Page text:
And let's talk about the paper some more. Sure, it's beautiful, but it's not great. It's definitely not fountain-pen-friendly and for me, that's a no-go. With a medium Franklin Christoph nib using Iroshizuku Fuyu Gaki, I got bleedthrough and feathering. Where the book really shined was when using pencil. But pen is unusable unless it's a standard gel pen or some such thing. If you're strictly an EF nib person, these might be alright, but the bleedthrough and feathering really turned me off. If I'm going to use a book that isn't fountain-pen-friendly, it's going to be a Field Notes notebook because those fit my sleeves and holders and I think the size and design bests the Baron Fig Apprentice by a wide margin (pun intended).
In the back of the book where the branding is located, they have "Designed in New York City / Assembled in China." The fact that these are made in China, yet they're being sold at the same price as books made right here in America, gives me pause. I'm not going to get on a pro-America rant here because I understand we live in a global market, but I love the idea of stuff made here and I buy a LOT of stuff that's made in the USA. It's important to me and it's something I always enjoy seeing. I'm disappointed that these guys are manufacturing overseas and selling at roughly the same cost as those making their books here. No good.
I don't know if the materials are sourced in China or if they're American-made materials that are then shipped overseas to be assembled (that's an incredibly stupid idea if that's the case), but it bothers me either way. If they are made in China from Chinese-sourced materials, then they're sort of covering it up a little with the "Assembled in China" line. They're either Chinese-made or they're not. It seems dishonest to word it the way they have. And I can't tell which it is because Baron Fig doesn't give very much information about their products on their site. There's an awful lot of chatter about philosophy and ideas on the wind and what not, but there's very little real information about their product. This is disappointing because they don't talk about the paper specs (weight, color, etc.), they don't talk about specific sizes, they don't talk about their material sources, they don't really talk about anything. They say an awful lot without really saying anything at all. When you go to buy a Field Notes edition or an Owl Stationers book, you know exactly what you're buying right down to the brightness and type of paper. That's nice because it's a transparent, no-surprise approach to your materials. These guys are being a little sketchy in my opinion.
These books are beautiful. I'll give them that. They look good, feel good and are presented beautifully. The colors are spot-on, subtle and clean and the notebook as a whole is a delight to look at and hold. But the fact that they're made in China with a US price tag, are sized differently from the majority of pocket notebooks on the market and have paper that isn't exactly usable for fountain pen enthusiasts, puts these at the bottom of my list of notebooks. For non-fountain-pen friendly notebooks, I'll stick with good ol' Field Notes. They're well made and they're made here. For fountain-pen-friendly paper, I'll stick with books from my friends over at Nock Co. where they're sourcing their books right in their own back yard (quite literally as I was able to visit their printer recently with Jeff) or I'll venture out to Curnow Bookbinding or Owl Stationers for their books using Tomoe River paper, a favorite among fountain pen enthusiasts. And yes, I know TR paper isn't made in the US, but darn it, it's nice paper and at least the books are put together here... That's more than Baron Fig can say.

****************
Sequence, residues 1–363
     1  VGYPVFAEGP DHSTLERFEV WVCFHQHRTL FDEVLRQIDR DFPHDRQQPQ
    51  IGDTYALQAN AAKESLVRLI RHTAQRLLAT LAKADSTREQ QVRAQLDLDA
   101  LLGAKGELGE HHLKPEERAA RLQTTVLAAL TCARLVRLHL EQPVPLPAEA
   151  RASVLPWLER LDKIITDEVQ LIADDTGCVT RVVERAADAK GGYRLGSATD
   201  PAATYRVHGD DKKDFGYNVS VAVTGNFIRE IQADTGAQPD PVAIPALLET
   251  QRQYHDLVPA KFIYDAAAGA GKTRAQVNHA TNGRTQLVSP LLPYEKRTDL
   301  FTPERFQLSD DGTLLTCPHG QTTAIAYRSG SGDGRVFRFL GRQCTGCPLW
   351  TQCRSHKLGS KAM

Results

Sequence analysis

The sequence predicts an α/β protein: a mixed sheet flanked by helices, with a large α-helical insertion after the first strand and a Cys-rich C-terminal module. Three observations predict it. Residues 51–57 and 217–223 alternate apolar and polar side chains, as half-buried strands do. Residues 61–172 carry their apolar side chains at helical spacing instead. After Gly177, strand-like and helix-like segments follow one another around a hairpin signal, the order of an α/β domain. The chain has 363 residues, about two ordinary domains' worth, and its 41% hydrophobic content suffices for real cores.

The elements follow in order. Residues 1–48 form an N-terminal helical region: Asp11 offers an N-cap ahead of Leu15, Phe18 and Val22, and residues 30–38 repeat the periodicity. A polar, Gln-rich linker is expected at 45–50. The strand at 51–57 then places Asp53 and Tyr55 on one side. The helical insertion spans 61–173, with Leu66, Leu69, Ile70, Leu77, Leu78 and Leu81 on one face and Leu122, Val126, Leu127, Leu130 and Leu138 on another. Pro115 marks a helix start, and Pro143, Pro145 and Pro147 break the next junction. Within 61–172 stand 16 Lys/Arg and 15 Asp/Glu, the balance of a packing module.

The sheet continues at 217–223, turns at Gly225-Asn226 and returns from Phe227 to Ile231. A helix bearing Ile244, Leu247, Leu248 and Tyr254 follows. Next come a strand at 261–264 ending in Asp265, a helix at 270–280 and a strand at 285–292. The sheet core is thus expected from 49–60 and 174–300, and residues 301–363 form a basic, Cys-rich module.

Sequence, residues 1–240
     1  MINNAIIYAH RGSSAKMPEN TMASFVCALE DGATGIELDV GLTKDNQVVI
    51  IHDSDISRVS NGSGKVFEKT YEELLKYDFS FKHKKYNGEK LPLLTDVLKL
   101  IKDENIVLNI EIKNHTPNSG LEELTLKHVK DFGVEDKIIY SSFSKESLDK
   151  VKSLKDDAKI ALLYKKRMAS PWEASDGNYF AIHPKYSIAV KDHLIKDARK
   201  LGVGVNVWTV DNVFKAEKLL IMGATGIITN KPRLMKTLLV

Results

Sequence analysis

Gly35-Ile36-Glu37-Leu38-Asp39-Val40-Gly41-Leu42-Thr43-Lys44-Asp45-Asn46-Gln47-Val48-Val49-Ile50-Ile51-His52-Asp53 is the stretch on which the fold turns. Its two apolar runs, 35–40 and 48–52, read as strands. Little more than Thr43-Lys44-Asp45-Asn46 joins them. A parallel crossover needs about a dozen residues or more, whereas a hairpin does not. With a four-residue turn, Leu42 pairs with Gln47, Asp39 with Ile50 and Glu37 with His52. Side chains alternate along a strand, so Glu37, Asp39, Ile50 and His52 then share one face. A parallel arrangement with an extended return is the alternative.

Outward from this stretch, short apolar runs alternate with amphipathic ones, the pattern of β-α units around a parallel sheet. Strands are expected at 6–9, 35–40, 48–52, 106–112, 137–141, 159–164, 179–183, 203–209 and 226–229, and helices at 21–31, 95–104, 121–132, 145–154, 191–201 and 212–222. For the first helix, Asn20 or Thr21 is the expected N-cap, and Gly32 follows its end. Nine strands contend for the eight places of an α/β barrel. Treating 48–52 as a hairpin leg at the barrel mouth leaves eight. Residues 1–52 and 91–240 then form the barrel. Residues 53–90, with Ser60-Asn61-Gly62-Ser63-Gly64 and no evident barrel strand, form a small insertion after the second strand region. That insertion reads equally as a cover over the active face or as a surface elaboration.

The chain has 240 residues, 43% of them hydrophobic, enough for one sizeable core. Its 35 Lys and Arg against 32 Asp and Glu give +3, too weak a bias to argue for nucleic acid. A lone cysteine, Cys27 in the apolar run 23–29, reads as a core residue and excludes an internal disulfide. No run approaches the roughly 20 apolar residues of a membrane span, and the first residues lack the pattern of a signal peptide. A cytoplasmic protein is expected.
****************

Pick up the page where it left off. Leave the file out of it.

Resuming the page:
I think Baron Fig should focus less on philosophy (it's a notebook) and more on the product they're putting out. Make sure it works for everyone in their target audience, not just the ones using Sharpie Pens and Pilot G2's. In my opinion, these are just a gussied-up Moleskine, and I am just not interested in that.
NOW HOW ABOUT A GIVEAWAY?
Let's balance out that last bit of negativity with a good ol' fashioned giveaway... If you'd like to try these for yourself, but don't want to plop down the cash for them, I'll send you a three-pack of lined Apprentice books fo' free. All you have to do is comment below between now and Wednesday, November 18th at 11:59pm EST and I'll pick a winner on Thursday, November 19th. You'll have until Friday morning to claim your prize. I purchased these with my own hard-earned cash so come and get 'em and see for yourself if you can get past the stuff that I couldn't. And if you're lucky, they'll come with a handwritten note or doodle in the box.
As always, thanks for checking in. If you have tried these books, I'd love to hear your thoughts. If you haven't, but have questions, let me know and I'll do my very best to respond below!
Thanks for reading,